Today though, the combination of tiny hangover, the lack of sleep and mild social anxiety, and the added minor stress of dealing with the public were apparently too much for my little heart to take.

Over the course of the day, the gap in my chest deepened. It filled with adrenaline and insecurity and doubt.

I don’t know if you’ve experienced an anxiety attack before, or if you’ve ever been an anxious person. I am currently a mildly anxious person, who used to be an exceedingly anxious person. When I was in my early 20s, I went through a few years there where I was borderline agoraphobic, and it would take me about an hour of getting dressed and re-dressed before leaving the house just because I was so sure that if I wasn’t wearing the perfect thing that everyone I ran into on the street, and all of my friends would judge me and hate me forever. I would cry in public because I was terrified of life. It’s ridiculous, yes. But everything about anxiety is ridiculous. It is not a rational beast.  At one point, I checked myself into therapy, because I knew that living life as I had been would just not do. It was too exhausting. I later took up smoking (and quit), and then yoga, and running and writing help. It’s mostly under control, but whenever the anxiety rears its head, I become momentarily terrified that it’s back for good. And this time was horrifying.

I went home after my Doors Open shift, and slinked into my couch. I put on Netflix and ate snacks and texted friends, and still the panic attack lingered. I lay there, wide-eyed, hoping with each passing hour of mindless programming that the panic would subside. But instead it grew. At 3 am, despite my open chest, I forced myself to bed and lay there in the dark taking deep breaths and reminding myself that “this too shall pass”. I downloaded a “chakra tuner”. Eventually I fell asleep at least being comforted that in the morning, this feeling would be gone.

I woke up Monday morning, and to my horror, the pit in my chest remained. It did not subside while I stood under the stream of hot water in the shower, or while I ate breakfast on my back deck, or on my bike ride to work. It stayed while I sat in meetings, and answered emails, and biked home, and made dinner. The panic set up shop in my heart, and pumped through my veins, and pulsed through my muscles and into every ounce of my being.

Eventually. EVENTUALLY. Sometime Tuesday afternoon, it was gone. And thank THE LORD (disclaimer – I like to talk like a grandma sometime, but I am not for reals religious) it has not returned.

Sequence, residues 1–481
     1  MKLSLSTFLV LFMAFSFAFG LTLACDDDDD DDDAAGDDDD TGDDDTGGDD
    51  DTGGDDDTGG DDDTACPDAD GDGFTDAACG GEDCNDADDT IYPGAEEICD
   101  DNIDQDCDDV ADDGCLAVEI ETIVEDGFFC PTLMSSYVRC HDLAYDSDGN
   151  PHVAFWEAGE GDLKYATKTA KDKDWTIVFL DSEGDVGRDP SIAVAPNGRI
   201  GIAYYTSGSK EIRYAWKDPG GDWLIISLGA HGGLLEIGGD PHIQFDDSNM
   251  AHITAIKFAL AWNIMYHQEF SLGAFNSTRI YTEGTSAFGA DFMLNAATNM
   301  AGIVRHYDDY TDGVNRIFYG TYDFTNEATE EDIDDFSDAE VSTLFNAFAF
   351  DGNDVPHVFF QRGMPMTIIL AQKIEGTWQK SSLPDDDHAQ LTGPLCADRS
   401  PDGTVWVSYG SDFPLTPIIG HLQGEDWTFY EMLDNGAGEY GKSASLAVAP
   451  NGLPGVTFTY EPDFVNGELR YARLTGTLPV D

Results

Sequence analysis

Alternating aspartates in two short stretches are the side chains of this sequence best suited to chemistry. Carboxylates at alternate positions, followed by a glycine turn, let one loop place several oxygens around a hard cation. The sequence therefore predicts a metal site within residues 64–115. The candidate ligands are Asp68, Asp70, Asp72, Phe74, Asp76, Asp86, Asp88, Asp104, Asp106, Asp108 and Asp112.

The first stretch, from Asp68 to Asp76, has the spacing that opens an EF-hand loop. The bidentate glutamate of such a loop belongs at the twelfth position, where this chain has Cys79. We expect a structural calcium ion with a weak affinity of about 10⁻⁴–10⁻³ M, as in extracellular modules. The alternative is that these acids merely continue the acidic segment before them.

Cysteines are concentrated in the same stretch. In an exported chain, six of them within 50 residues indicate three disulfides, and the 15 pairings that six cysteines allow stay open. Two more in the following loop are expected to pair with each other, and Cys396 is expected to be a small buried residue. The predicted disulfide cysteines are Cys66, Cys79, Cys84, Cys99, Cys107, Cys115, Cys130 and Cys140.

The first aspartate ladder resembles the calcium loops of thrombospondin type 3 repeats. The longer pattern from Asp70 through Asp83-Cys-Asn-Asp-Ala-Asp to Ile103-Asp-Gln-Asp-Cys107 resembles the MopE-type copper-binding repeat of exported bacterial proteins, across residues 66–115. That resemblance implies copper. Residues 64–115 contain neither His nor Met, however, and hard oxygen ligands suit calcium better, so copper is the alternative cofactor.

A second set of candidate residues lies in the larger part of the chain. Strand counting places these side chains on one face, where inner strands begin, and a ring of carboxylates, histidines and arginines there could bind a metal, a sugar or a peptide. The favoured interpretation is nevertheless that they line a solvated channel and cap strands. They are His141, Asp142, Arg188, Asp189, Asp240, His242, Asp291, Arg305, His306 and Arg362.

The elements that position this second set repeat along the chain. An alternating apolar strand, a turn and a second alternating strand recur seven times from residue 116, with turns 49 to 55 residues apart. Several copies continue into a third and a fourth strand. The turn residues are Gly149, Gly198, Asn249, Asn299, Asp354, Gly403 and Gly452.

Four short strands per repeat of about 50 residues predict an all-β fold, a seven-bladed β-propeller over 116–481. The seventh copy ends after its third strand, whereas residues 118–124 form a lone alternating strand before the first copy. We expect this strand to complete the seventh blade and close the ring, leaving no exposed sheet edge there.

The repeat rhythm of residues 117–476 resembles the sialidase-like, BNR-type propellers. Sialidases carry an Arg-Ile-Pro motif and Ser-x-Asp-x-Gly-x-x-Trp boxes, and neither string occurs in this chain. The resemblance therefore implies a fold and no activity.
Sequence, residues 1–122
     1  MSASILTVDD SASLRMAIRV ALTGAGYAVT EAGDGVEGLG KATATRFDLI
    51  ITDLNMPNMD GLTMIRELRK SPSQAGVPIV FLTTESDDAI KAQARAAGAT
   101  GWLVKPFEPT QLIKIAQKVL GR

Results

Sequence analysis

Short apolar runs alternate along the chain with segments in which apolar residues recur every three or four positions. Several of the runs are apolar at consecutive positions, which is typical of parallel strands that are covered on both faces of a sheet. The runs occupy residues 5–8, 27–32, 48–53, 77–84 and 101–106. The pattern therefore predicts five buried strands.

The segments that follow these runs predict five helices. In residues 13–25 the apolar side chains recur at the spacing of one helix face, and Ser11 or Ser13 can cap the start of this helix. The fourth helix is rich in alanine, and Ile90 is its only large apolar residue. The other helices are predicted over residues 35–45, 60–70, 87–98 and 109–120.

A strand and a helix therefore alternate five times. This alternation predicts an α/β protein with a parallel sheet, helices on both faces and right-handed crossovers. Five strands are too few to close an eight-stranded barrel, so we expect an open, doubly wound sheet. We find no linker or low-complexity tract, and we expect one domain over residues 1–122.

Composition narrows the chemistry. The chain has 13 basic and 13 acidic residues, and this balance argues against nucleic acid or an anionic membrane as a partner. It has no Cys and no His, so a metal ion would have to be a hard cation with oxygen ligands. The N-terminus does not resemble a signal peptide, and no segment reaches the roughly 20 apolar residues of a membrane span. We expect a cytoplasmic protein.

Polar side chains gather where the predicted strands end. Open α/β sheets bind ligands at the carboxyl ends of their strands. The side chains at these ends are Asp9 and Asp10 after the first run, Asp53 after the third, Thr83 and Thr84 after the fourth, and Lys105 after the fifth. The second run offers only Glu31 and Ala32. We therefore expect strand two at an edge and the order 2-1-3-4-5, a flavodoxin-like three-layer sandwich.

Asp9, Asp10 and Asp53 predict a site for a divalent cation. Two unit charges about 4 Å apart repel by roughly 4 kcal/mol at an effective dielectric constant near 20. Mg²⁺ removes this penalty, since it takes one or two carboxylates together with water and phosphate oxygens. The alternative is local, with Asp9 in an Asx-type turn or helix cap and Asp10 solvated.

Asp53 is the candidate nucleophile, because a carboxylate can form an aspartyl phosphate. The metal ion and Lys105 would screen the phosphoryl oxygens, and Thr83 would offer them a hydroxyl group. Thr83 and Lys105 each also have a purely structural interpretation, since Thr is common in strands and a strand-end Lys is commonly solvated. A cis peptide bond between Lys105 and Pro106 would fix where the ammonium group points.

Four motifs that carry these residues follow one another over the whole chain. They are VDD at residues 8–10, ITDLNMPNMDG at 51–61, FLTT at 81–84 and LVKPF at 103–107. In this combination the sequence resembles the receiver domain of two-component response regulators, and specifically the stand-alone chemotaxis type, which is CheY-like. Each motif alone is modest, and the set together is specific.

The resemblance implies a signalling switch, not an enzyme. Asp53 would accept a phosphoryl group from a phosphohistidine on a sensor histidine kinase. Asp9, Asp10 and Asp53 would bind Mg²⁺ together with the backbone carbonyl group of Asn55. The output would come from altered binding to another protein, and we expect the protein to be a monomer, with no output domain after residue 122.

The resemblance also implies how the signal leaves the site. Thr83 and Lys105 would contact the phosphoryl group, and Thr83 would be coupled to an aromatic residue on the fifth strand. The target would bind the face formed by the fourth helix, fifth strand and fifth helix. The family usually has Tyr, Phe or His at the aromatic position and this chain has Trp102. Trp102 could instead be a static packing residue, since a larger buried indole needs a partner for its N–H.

ANYWAYS. The reason that I am writing this post today is not actually to talk about horrible raging anxiety. This post today was inspired by having the loveliest, nicest day, and by encouraging words from a kind friend.

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On Tuesday, I broke a couple of personal bests on my crew run, and received so many supportive kind words of encouragement from some truly inspiring women on my running crew. Then today was the first day of the Canadian Science Writers’ Association conference, and was also a day where I got a lot done, had a coffee shop date with a friend, rode my bike, sublet my apartment, and one of my best best BEST friends in the world and his incredible wife went into labour (I should mention that she is also now one of my closest friends; these people are basically my family).

And on top of all of these lovely things, a friend who I have not seen in so very long sent me some really lovely messages:

“I’ve been following your move and I have to say: go you lady pants. You’re an inspiration.”; and “But in all seriousness – you look fantastic. And I’m jealous of your drive and ability to jump into running and the social scene and know I’m cheering for you.”

As someone who often judges myself, and feels like a failure, and worries too much, this reminder sometimes that how I see myself is not how others see me is such an incredible comfort to my heart, and I wish that there was a way to express how much it means to me.

So the message I am trying to give here is not about how horrible anxiety is,  but rather that even on your worst days, it’s important to remember that it really will get better. But even more importantly, never ever ever be afraid to tell someone how wonderful you think they are, and never underestimate the power of a kind word. It might be just what a tired heart needs. <3